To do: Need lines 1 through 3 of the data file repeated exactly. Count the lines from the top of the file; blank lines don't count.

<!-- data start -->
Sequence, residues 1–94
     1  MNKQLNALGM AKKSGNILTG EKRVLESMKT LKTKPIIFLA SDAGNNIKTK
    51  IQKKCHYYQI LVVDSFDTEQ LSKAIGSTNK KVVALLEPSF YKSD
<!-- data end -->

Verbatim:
Sequence, residues 1–94
     1  MNKQLNALGM AKKSGNILTG EKRVLESMKT LKTKPIIFLA SDAGNNIKTK
    51  IQKKCHYYQI LVVDSFDTEQ LSKAIGSTNK KVVALLEPSF YKSD